Many people argue that justice can only be achieved through nonviolent means. This line of reasoning derives from the idea that violence begets more violence and is a mechanism for revenge or retribution. A distinction is drawn between justice and injustice, and efforts are directed toward achieving the former. Justice is administered through law, which is a rational and logical system. For some, it is also a matter of faith.
In the twentieth century, two prominent advocates of nonviolent methods were Mohandas Gandhi of India and Martin Luther King, Jr. of the United States, who took inspiration from Gandhi.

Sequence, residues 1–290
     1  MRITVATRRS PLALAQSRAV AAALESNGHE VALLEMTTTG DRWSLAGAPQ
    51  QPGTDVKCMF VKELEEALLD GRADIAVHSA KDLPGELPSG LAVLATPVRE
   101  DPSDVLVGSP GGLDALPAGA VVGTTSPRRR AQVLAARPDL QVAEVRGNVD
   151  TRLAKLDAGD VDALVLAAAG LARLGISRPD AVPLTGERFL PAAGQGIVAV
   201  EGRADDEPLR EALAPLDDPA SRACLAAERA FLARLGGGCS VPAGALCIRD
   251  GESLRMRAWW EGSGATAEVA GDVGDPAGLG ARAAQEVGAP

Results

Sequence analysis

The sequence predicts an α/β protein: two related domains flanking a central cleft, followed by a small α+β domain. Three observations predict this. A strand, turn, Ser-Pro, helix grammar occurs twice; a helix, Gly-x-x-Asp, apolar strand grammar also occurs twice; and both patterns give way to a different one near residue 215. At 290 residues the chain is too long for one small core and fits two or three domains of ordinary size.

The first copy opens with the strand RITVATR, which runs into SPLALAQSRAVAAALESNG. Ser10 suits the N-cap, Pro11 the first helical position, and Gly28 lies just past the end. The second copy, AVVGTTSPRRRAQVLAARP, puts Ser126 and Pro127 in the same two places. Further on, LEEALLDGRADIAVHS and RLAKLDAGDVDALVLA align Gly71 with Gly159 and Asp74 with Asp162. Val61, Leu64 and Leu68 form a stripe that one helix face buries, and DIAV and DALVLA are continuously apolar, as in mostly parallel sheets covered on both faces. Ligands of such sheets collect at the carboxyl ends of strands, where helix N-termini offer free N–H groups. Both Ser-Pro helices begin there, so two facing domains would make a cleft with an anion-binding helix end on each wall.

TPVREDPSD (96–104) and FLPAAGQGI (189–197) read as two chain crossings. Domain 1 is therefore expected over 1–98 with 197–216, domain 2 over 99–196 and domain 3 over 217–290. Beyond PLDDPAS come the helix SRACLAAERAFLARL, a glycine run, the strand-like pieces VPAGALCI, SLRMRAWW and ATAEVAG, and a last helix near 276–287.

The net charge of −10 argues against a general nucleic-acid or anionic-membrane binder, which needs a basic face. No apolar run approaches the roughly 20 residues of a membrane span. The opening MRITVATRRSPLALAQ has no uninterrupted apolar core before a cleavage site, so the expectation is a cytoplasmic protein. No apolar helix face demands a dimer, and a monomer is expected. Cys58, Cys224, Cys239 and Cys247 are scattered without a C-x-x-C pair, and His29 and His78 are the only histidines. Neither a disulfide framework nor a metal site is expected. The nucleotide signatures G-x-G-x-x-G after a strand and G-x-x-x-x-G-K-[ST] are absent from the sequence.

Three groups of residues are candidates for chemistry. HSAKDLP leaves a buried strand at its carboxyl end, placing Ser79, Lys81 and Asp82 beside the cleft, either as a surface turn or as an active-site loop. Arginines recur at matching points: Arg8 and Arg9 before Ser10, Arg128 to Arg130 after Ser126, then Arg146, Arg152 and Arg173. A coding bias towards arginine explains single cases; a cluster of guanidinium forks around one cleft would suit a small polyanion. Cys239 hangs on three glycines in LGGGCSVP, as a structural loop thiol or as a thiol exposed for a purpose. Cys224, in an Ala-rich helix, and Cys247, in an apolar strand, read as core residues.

King advocated and tried to follow Six Principles of Nonviolence. Two of those principles speak directly to the concept of justice. The Third Principle is that the aim of nonviolence is to defeat injustice and evil; it is not directed toward people. King wrote, “Nonviolence recognizes that evildoers are also victims and are not evil people.” The Sixth Principle is based in faith that “the universe is on the side of justice, so that justice will eventually win.” Along with these principles, he advocated Six Steps of Nonviolent Social Change. Verbal communication is emphasized in Steps Four, Discussion/Negotiation, and Six, Reconciliation. All steps reiterate the idea of overcoming injustice, not defeat of an opponent. “Through reasoned compromise, both sides resolve the injustice with a plan of action.”